Please use this identifier to cite or link to this item: https://hdl.handle.net/10137/5651
Email LibraryRMU.DOH@nt.gov.au to ask for this document in a different format
Title: A cost-consequences analysis of a midwifery group practice for Aboriginal mothers and infants in the top end of the Northern Territory, Australia.
Authors: Gao, Yu
Gold, Lisa
Josif, Cath
Bar-Zeev, Sarah
Steenkamp, Malinda
Barclay, Lesley
Zhao, Yuejen
Tracy, Sally
Kildea, Sue
Citation: Midwifery 2014-04; 30(4): 447-55
Abstract: to compare the cost-effectiveness of two models of service delivery: Midwifery Group Practice (MGP) and baseline cohort. a retrospective and prospective cohort study. a regional hospital in Northern Territory (NT), Australia. baseline cohort included all Aboriginal mothers (n=412), and their infants (n=416), from two remote communities who gave birth between 2004 and 2006. The MGP cohort included all Aboriginal mothers (n=310), and their infants (n=315), from seven communities who gave birth between 2009 and 2011. The baseline cohort mothers and infant's medical records were retrospectively audited and the MGP cohort data were prospectively collected. All the direct costs, from the Department of Health (DH) perspective, occurred from the first antenatal presentation to six weeks post partum for mothers and up to 28 days post births for infants were included for analysis. analysis was performed with SPSS 19.0 and Stata 12.1. Independent sample of t-tests and χ2 were conducted. women receiving MGP care had significantly more antenatal care, more ultrasounds, were more likely to be admitted to hospital antenatally, and had more postnatal care in town. The MGP cohort had significantly reduced average length of stay for infants admitted to Special Care Nursery (SCN). There was no significant difference between the two cohorts for major birth outcomes such as mode of birth, preterm birth rate and low birth weight. Costs savings (mean A$703) were found, although these were not statistically significant, for women and their infants receiving MGP care compared to the baseline cohort. for remote dwelling Aboriginal women of all risk who travelled to town for birth, MGP was likely to be cost effective, and women received better care and resulting in equivalent birth outcomes compared with the baseline maternity care.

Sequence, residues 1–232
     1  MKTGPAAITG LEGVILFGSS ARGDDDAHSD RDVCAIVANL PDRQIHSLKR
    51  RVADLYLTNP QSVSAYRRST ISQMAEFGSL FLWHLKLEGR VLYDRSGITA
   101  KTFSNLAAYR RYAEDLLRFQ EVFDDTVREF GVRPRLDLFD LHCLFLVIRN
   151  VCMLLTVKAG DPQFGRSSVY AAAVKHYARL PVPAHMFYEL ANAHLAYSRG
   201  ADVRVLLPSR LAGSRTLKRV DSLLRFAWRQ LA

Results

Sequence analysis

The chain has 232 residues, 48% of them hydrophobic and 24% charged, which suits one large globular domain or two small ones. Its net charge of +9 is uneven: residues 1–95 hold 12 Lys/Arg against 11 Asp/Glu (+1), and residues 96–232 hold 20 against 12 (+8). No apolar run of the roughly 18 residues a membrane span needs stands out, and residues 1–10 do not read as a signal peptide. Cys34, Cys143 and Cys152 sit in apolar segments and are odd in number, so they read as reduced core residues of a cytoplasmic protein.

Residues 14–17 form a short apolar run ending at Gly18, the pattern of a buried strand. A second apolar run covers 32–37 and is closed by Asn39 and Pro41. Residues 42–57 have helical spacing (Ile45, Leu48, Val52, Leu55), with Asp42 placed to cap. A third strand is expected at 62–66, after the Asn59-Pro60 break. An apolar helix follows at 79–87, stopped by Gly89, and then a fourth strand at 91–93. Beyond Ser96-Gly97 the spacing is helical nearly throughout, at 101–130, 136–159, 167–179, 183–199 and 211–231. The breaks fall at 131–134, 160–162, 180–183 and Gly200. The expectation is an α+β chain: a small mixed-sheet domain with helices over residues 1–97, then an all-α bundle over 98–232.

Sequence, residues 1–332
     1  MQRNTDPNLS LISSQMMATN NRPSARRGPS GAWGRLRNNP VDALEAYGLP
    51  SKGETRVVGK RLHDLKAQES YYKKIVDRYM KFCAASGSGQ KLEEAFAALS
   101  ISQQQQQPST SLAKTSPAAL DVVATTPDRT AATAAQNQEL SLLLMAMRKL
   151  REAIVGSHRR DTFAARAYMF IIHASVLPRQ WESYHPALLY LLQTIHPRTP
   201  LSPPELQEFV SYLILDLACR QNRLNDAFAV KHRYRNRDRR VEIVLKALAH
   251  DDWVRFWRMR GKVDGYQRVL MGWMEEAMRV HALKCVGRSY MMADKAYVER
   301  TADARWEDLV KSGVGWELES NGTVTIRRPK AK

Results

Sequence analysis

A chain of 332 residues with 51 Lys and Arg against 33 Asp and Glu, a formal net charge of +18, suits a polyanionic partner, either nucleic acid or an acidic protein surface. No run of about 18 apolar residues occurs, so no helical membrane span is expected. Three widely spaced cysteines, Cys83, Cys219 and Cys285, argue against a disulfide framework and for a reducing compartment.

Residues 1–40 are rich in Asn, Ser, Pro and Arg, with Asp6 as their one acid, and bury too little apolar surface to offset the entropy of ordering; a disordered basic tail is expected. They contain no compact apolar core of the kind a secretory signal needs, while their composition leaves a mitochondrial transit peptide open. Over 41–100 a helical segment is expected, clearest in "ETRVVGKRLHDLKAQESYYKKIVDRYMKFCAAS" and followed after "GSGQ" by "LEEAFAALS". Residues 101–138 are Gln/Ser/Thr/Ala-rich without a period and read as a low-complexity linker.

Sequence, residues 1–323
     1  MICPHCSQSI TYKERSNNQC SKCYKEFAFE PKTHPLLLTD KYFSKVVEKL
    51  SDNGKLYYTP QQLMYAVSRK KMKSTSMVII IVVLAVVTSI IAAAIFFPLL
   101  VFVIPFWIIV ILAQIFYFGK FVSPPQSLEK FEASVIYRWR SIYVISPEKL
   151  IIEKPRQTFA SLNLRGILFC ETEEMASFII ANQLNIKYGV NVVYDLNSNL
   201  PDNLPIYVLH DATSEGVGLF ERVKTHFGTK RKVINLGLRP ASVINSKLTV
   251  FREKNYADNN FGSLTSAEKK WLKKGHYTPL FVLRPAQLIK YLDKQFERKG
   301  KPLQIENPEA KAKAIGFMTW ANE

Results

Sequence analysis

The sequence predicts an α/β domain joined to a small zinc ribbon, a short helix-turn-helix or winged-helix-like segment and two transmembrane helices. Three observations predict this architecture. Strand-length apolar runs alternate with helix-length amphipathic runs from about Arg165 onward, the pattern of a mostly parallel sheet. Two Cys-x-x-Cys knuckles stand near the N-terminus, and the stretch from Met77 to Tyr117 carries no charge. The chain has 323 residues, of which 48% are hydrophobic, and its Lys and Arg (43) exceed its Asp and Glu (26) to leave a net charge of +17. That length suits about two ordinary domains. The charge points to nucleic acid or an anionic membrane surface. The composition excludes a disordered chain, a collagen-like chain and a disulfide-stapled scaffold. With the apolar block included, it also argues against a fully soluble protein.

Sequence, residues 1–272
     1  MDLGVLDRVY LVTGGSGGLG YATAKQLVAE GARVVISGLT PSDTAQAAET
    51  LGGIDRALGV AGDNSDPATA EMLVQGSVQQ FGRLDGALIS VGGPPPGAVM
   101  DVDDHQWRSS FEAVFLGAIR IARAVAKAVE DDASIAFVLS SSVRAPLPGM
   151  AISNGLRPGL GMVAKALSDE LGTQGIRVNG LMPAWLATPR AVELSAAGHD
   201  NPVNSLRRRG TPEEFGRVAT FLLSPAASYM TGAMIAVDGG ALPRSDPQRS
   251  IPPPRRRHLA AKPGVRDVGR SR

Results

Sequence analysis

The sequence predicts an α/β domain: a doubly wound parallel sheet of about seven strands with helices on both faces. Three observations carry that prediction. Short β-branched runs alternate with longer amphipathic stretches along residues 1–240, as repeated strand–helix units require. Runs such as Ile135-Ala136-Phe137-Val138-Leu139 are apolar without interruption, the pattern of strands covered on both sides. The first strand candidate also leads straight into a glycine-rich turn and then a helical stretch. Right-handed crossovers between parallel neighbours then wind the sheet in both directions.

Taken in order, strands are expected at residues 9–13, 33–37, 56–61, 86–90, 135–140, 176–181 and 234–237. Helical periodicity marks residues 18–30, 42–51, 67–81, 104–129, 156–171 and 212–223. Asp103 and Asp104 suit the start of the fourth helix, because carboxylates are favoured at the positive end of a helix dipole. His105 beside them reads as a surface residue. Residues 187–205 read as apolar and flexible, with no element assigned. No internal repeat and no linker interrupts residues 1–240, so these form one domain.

Click to open PubMed article: https://www.ezpdhcs.nt.gov.au/login?url=https://www.ncbi.nlm.nih.gov/pubmed/23786990
Click to open Pubmed Article: https://www.ezpdhcs.nt.gov.au/login?url=https://www.ncbi.nlm.nih.gov/pubmed/23786990
Journal title: Midwifery
Publication Date: 2014-04
Type: Journal Article
Research Support, Non-U.S. Gov't
URI: https://hdl.handle.net/10137/5651
DOI: 10.1016/j.midw.2013.04.004
Appears in Collections:(a) NT Health Research Collection

Files in This Item:
There are no files associated with this item.


Items in ePublications are protected by copyright, with all rights reserved, unless otherwise indicated.